Here we go again

Here we go again

Yesterday Novo Nordisk (NYSE:NVO) held their Capital Markets Day were they outlined their corporate strategy. During their presentation the company noted that IDegLira showed better control of blood sugar levels than Tresiba; IDegLira is a combination of Tresiba and Victoza.  Perhaps not by accident Sanofi (NYSE:SNY) stated yesterday that their new version Lantus is better than the old one at controlling blood sugar levels and comes with fewer hypoglycemic events. Like Novo, Sanofi is also working on an insulin/GLP-1 combo product.

Now what neither company noted was whether or not there will be a market for these products when they actually get all the way through the regulatory process, which as everyone knows is not guaranteed. Nor did either company mention how the coming of a biosimilar Lantus will impact their new long-acting insulin products.  While Novo continues to publicly support Tresiba, the drug is still at least two, more like three years away from approval given the FDA demands.  While Sanofi believes the new version of Lantus will be ready by 2017, that’s still two years after Lantus loses patent protection.

Perhaps the biggest unanswered question is how these companies see the regulators looking at their insulin/GLP-1 combo’s.  Now we hate to overstate the obvious but common sense tells us that with Tresiba delayed at the FDA any product which is combined with Tresiba, IDegLira for one would not have an easy regulatory path; nor would any product which combines Lyxumia, Sanofi’s GLP-1 with the Lantus as back in September the company made the decision to withdraw the Lyxumia application from the FDA. At the time stating; “The decision to withdraw the lixisenatide application follows discussions with the U.S. Food and Drug Administration (FDA) regarding its proposed process for the review of interim data. Sanofi believes that potential public disclosure of early interim data, even with safeguards, could potentially compromise the integrity of the ongoing ELIXA study. Sanofi’s decision is not related to safety issues or deficiencies in the NDA.”

The harsh reality for both Novo and Sanofi is that neither company is prepared to deal with the future, that both are holding onto the hope that these new drugs will somehow change the dynamics of the diabetes drug market. The fact is even if these drugs are as great as the companies claim they are, and honestly they aren’t great, their regulatory paths are problematic and even worse by the time they did make it through the regulatory process it will be a case of too little too late. What both Novo and Sanofi seem to forget or ignore is that generic insulin will forever change the market and that the diabetes drug market is quickly transforming into a commodity style market where price trumps performance.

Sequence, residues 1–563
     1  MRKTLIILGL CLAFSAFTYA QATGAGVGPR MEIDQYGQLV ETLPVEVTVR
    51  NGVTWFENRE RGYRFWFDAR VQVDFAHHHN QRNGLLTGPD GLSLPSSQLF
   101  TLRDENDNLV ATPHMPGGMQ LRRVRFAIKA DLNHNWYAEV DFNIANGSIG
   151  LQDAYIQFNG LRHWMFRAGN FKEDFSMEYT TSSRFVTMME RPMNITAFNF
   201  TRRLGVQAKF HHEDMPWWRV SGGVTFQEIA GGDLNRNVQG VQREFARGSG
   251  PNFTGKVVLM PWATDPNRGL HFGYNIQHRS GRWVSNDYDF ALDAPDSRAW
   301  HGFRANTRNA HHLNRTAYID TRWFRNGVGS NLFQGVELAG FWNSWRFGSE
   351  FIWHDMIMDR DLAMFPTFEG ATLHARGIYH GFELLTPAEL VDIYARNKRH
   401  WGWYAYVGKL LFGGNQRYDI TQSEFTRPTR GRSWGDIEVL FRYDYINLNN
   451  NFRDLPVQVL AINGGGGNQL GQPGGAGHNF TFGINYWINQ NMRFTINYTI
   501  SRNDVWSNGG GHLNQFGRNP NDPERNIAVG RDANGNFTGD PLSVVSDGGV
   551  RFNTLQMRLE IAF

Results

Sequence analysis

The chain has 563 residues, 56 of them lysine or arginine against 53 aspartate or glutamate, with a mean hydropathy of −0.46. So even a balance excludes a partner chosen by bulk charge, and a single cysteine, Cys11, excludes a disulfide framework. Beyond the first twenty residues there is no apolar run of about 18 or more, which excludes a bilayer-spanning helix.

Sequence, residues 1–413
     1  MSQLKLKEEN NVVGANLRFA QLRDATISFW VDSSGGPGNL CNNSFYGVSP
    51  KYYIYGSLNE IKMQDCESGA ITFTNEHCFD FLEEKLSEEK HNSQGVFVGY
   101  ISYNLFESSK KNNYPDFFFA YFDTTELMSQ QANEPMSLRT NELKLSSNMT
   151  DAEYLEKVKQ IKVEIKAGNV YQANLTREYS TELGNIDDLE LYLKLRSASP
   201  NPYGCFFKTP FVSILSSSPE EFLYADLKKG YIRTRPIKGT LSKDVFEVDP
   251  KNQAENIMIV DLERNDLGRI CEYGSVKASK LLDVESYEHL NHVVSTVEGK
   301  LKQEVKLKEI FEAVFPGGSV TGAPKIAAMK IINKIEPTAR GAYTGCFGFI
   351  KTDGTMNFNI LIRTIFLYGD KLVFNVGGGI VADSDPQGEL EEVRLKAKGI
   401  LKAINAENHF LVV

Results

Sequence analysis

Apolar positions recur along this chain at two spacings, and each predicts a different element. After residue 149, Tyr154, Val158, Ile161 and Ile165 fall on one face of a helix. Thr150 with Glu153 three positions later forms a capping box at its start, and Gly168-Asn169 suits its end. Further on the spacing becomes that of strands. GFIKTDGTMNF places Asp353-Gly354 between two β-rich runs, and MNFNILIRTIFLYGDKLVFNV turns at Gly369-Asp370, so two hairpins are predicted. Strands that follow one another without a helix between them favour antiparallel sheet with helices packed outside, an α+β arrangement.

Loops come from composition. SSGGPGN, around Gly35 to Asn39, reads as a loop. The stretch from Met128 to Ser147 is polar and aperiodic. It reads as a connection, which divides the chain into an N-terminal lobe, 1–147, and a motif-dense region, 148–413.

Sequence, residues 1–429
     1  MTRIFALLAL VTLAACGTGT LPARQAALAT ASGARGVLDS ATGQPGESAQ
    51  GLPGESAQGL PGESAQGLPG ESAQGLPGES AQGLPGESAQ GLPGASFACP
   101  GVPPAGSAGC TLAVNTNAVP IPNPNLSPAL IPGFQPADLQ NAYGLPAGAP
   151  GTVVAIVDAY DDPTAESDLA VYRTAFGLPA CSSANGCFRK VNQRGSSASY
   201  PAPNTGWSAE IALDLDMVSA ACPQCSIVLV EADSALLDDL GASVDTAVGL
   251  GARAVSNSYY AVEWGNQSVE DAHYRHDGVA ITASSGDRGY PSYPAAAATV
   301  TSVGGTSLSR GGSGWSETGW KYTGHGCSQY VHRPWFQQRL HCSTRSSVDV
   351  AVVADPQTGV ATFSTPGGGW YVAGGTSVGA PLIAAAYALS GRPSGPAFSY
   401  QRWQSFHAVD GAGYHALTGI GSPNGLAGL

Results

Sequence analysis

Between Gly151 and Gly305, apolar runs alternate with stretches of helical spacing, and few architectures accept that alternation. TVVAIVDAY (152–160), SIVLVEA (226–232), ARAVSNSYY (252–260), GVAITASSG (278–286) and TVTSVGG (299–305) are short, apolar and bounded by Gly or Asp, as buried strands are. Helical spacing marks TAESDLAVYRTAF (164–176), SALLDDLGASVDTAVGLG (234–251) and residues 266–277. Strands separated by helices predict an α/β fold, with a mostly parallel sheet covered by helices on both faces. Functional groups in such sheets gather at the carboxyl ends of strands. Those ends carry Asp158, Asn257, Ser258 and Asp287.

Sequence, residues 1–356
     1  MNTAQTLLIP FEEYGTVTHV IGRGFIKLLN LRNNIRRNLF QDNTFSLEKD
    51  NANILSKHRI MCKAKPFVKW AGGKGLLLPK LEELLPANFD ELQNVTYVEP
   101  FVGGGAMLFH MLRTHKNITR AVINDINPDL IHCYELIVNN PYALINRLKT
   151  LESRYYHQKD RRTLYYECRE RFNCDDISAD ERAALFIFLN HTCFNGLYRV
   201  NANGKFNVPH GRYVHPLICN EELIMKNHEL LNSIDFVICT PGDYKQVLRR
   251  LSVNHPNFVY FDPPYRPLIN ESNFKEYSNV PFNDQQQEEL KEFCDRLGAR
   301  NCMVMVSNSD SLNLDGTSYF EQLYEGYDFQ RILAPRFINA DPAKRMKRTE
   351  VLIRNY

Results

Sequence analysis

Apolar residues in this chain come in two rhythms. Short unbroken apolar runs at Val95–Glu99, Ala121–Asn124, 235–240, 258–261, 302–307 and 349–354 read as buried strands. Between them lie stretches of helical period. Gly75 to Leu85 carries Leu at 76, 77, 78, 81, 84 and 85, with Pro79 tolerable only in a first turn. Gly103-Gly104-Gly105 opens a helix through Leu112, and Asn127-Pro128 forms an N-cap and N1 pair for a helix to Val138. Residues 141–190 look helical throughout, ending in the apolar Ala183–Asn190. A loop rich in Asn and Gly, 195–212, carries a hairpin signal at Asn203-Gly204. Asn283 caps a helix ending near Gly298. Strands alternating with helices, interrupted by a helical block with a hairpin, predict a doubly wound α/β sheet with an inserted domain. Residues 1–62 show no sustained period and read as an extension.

It amazes Diabetic Investor that both companies are feeding analysts this crap and even more amazingly the analysts are eating it up.  Do they not see that payors are no longer willing to pay premium prices for what at best is incremental improvements in these new drugs? Do they not understand that after years of forcing through price increases that the arrival of a generic Lantus will provide payors with the opportunity to exact their revenge? Do they not see that while the combination of long-acting insulin with a GLP-1 in one package is nice, yet this therapy options exists today and that payors aren’t paying premium prices for patient convenience?

Now Diabetic Investor certainly understands why the companies continue to shovel this manure and to certain extent we also understand why the analysts are ignoring the real smell. For years the diabetes drug market was license to print money, innovation was amply rewarded and with the growing global patient population everything looked very rosy. Today this market has changed dramatically, yes there is still money to be made but what’s being touted as innovation is in fact just incremental improvements to existing technologies, add in the fact that the reimbursement environment has turned negative and it all adds up to tough times ahead for any company that is ignoring what is going on in front of their own eyes.

Sanofi and Novo may be putting lipstick on a pig, but no matter how they try and dress it up it’s still a pig.